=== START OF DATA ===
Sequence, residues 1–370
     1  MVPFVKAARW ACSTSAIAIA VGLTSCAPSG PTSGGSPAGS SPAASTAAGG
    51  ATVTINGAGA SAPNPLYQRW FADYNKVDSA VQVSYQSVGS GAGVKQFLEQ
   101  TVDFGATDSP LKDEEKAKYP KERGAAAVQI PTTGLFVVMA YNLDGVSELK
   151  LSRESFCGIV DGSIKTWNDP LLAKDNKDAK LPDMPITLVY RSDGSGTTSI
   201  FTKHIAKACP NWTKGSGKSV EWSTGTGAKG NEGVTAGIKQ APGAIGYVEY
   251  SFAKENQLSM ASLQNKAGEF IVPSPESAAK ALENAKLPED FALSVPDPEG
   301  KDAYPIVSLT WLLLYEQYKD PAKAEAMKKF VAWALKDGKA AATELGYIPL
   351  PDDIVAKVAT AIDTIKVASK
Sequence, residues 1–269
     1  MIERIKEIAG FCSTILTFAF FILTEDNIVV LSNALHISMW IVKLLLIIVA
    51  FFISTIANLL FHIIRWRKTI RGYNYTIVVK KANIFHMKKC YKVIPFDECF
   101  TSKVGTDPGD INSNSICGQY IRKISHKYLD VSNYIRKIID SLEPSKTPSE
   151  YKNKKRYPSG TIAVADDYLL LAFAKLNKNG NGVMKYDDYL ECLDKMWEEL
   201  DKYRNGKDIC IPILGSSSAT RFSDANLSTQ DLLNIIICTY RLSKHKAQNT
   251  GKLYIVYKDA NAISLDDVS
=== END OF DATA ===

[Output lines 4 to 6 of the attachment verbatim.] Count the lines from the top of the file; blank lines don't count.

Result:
   101  TVDFGATDSP LKDEEKAKYP KERGAAAVQI PTTGLFVVMA YNLDGVSELK
   151  LSRESFCGIV DGSIKTWNDP LLAKDNKDAK LPDMPITLVY RSDGSGTTSI
   201  FTKHIAKACP NWTKGSGKSV EWSTGTGAKG NEGVTAGIKQ APGAIGYVEY